Ancient Monuments

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Bowl barrow 710m south east of Old Church

A Scheduled Monument in Brampton, Cumbria

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Latitude: 54.9412 / 54°56'28"N

Longitude: -2.7597 / 2°45'34"W

OS Eastings: 351428.509637

OS Northings: 560994.318357

OS Grid: NY514609

Mapcode National: GBR 9C59.BH

Mapcode Global: WH7ZZ.L229

Entry Name: Bowl barrow 710m south east of Old Church

Scheduled Date: 20 May 1963

Last Amended: 1 July 1996

Source: Historic England

Source ID: 1014583

English Heritage Legacy ID: 27701

County: Cumbria

Civil Parish: Brampton

Traditional County: Cumberland

Lieutenancy Area (Ceremonial County): Cumbria

Church of England Parish: Brampton St Martin

Church of England Diocese: Carlisle


The monument includes a bowl barrow located in the shallow valley of Brampton
Beck 710m south east of St Martin's Church, Old Church. It includes an oval-
shaped mound of sand and gravel up to 4m high with maximum dimensions of 45m
east-west by 38m north-south.

The site of the monument is shown on the attached map extract.
It includes a 2 metre boundary around the archaeological features,
considered to be essential for the monument's support and preservation.

Source: Historic England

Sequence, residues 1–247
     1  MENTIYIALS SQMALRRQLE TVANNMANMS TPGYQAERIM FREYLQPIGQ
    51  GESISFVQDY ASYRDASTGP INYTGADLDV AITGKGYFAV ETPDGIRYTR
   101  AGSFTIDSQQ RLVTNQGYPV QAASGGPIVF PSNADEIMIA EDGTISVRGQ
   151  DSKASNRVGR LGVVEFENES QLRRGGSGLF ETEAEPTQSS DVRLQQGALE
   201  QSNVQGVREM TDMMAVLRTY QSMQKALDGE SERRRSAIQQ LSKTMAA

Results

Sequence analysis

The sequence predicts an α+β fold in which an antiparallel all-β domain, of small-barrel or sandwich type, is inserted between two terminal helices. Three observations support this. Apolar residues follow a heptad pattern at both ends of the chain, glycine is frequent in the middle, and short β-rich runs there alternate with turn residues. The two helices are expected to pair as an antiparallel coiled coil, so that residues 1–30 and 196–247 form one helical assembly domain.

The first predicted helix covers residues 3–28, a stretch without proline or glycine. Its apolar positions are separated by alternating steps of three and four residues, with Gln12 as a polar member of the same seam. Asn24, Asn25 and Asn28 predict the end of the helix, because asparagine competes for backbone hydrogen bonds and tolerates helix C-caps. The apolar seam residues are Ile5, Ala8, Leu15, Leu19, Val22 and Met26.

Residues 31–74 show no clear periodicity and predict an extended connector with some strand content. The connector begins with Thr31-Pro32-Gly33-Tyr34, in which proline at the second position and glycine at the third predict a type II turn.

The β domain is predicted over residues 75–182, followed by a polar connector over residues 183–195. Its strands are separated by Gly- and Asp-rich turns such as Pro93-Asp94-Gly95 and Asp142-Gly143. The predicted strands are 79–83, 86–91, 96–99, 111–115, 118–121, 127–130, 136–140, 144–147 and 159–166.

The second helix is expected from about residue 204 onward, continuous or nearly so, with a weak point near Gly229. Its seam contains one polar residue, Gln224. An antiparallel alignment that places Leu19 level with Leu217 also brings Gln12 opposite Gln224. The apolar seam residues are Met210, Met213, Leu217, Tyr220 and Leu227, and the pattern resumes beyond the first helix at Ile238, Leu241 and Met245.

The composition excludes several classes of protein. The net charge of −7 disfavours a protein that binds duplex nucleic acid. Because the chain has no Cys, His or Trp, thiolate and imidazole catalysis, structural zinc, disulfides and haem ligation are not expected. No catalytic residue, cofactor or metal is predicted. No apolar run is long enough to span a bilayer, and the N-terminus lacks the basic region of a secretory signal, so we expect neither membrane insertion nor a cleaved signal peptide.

Reasons for Scheduling

Bowl barrows, the most numerous form of round barrow, are funerary monuments
dating from the Late Neolithic period to the Late Bronze Age, with most
examples belonging to the period 2400-1500 BC. They were constructed as
earthen or rubble mounds, sometimes ditched, which covered single or multiple
burials. They occur either in isolation or grouped as cemeteries and often
acted as a focus for burials in later periods. Often superficially similar,
although differing widely in size, they exhibit regional variations in form
and a diversity of burial practices. There are over 10,000 surviving bowl
barrows recorded nationally (many more have already been destroyed), occurring
across most of lowland Britain. Often occupying prominent locations, they are
a major historic element in the modern landscape and their considerable
variation of form and longevity as a monument type provide important
information on the diversity of beliefs and social organisations amongst early
prehistoric communities. They are particularly representative of their period
and a substantial proportion of surviving examples are considered worthy of

Despite some minor stock erosion, the bowl barrow 710m south east of Old
Church survives well and remains a prominent landmark which is visible from a
considerable distance. It will retain undisturbed archaeological deposits
within the mound and upon the old land surface beneath.

Source: Historic England


AM107 FMW Report, Fairless, K, Two round barrows 1/2 mile (800m) SSE of Old Church, (1993)
Darvill,T., MPP Single Monument Class Description - Bowl Barrows, (1988)
SMR No. 4568, Cumbria SMR, Two round barrows 1/2 mile SSE of Old Church, (1984)

Source: Historic England

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